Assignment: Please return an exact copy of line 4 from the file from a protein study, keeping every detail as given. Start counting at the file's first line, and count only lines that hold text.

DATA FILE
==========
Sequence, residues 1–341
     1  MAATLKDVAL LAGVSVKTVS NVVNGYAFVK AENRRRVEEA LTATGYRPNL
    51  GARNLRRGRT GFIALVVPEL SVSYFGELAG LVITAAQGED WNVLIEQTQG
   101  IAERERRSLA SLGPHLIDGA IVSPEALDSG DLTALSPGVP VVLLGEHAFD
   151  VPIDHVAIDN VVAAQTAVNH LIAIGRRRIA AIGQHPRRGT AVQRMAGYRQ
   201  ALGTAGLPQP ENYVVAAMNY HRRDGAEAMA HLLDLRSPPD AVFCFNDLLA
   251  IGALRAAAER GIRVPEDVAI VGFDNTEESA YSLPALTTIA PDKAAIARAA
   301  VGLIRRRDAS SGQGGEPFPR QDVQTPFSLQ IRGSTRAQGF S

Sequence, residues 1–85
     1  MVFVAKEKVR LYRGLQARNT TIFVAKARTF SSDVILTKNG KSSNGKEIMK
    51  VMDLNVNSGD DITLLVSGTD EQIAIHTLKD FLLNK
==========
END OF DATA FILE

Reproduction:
   101  IAERERRSLA SLGPHLIDGA IVSPEALDSG DLTALSPGVP VVLLGEHAFD